A Public Art Community

A Public Art Community



The presence of public art within a community can be powerful, inspirational, and influential. For more information about public art and why it matters in communities, see below.

Left: Banksy, Girl and Balloon, London, 2002

Since 2010, Lansing Art Gallery & Education Center has annually offered free public art exhibitions by Michigan artists with the support of the City of Lansing and partners. These activities draw a significant, wide ranging from the Lansing area and beyond. Projects have ranged from sculpture exhibits, to a mobile art scavenger hunt, to revitalization of dilapidated newspaper kiosks.

During the months of June, July, and August of 2018, Lansing Art Gallery & Education Center will be working in conjunction with the City of Lansing’s Parks and Recreation department to revitalize and activate 10 sites along the Lansing River Trail with temporary, site-specific public art. The River Trail has miles of beautiful, scenic trail that weaves through the city with an estimated 50,000 visitors estimated for this project. For more information about Lansing Art Gallery & Education Center’s new project, click here.

What is public art?



For the art community, public art can represent a way to get everyone involved with art and to make art a part of everyday life. Public art is planned and executed in a public space, and it is not defined to any specific medium. Typically, public art pieces are implemented in outdoor spaces that are widely accessible to the public.

What is site-specific art?



Site-specific art describes a piece (or pieces) that were designed and commissioned for a specific place. These artworks can simultaneously activate a space while inspiring a community conversation. In some cases, site-specific art can be interpreted in ways that are unanticipated by the artist and the community that implemented them.

Image Above: Christo and Jeanne-Claude, Valley Curtain, Rifle, Colorado, 1970-72

Temporary vs. Permanent



Public art can be temporary or permanent. In some cases, permanent art becomes a part of the community’s identity. Permanent public art fixtures require constant maintenance and upkeep, and over time they may become less related to the community around them. Temporary art can pop up in certain places in a community, both expected and unexpected, as a way to involve people in mobile art and to activate a space. In some cases, the disappearance of temporary art fixtures after a few weeks or months sparks conversations about how to re-enliven a space or a community.

“Temporary site-specific work can be particularly effective when it speaks to specific spaces and relevant social issues in a moment in time, reacting to the current climate and culture of that community. In essence, temporary public art has the capacity to reflect the hearts and minds of people in its environment. Its passing nature can resonate with viewers, positively impacting their memories of place and time,” says Katrina M. Daniels, Lansing Art Gallery’s Exhibitions and Gallery Sales Director.

What artists are commonly associated with public art?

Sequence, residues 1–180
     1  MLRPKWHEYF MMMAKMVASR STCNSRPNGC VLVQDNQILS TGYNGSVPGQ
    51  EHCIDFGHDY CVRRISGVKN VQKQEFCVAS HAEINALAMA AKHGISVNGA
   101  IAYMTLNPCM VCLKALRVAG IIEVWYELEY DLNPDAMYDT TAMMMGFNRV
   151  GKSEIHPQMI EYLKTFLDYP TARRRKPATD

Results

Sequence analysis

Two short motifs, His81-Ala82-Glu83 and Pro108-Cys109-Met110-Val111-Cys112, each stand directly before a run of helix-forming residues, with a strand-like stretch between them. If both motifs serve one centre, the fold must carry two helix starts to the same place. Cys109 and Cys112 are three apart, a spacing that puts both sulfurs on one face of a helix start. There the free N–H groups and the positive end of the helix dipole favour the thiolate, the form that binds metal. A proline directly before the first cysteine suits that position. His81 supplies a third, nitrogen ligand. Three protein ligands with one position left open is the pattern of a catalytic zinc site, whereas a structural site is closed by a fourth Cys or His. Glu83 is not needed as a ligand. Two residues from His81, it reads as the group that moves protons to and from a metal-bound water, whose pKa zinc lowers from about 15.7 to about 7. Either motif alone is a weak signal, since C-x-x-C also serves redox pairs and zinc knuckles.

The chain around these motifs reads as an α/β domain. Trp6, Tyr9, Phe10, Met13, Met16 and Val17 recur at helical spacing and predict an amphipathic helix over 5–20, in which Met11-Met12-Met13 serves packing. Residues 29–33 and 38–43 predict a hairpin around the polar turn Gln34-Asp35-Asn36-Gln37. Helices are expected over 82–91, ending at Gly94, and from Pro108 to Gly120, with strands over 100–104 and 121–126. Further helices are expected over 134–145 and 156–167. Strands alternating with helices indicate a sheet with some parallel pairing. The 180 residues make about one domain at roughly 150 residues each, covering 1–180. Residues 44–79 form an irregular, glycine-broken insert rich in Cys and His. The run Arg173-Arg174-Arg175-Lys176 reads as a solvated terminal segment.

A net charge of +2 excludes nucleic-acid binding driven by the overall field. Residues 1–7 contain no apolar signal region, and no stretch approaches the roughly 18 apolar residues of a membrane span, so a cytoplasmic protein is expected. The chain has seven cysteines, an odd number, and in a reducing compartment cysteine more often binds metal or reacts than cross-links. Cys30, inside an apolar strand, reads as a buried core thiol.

Alfredo Jaar:

As an artist, Alfredo Jaar “staged politicized interventions in public spaces that invite the Western world to consider the grave consequences of its frequent indifference toward suffering in the developing world.” As seen in his piece from 1987, A Logo for America, public art can motivate, inspire, and outrage the public into action on a particular issue or set of issues. Read more about Jaar and his work here: http://www.alfredojaar.net/

Richard Serra:

As an artist, Serra works with large-scale assemblies of sheet metal. He is a minimalist artist known for his arcs, spirals, and ellipses that challenge the viewer’s perception of space. In the past, Serra had a famous example of public art that did not cohabitate well with the members of the community in which it was implemented. His Tilted Arc (1981-1989) in Federal Plaza in New York City was eventually removed after complaints arose surrounding its obtrusion of space and allowance for crime-inducing blind spots. The monumental piece was created to force people to view the plaza differently, but instead was perceived as a roadblock for sidewalk travelers.

Christo & Jeanne-Claude (pictured above):

Christo and Jeanne-Claude were a couple that acted together as artists, implementing environmental works of art in grandiose scales. Their pieces, typically consisting of fabric implemented into or onto a space, were made for joy, beauty, and to inspire to ways of seeing popular landscapes in a community. You can read more about their work here: http://christojeanneclaude.net

Anish Kapoor:

A contemporary sculptor, Kapoor is perhaps best known for his public art piece in Chicago, Cloud Gate (also known as “The Bean”). This particular piece is a spectacular example of a community rejoicing around a monumental installation of public art. It expands, warps, and reflects the Chicago skyline and gives passersby a different angle with which to view themselves, others, and the city.

Banksy:

(pictured at top): Perhaps one of the most famous graffiti artists, Banksy is an anonymous artist based out of England. They act as a graffiti artist, a political activist, and a film director. Their art is darkly humorous and satirical, featured on streets, walls, and bridges throughout the globe. To read more about Bansky’s art, visit: http://www.banksy.co.uk

Alexander Calder:

Calder was an American sculptor. He was most commonly known for his large, mobile-like sculptures that balanced or suspended shapes in a way that allowed them to move in response to touch or the wind. Some of Calder’s work can be found in Detroit, Grand Rapids, and Grosse Pointe in museum collections and as public works. For more, visit: http://www.calder.org/

Written by: Madison Kautman, February 2018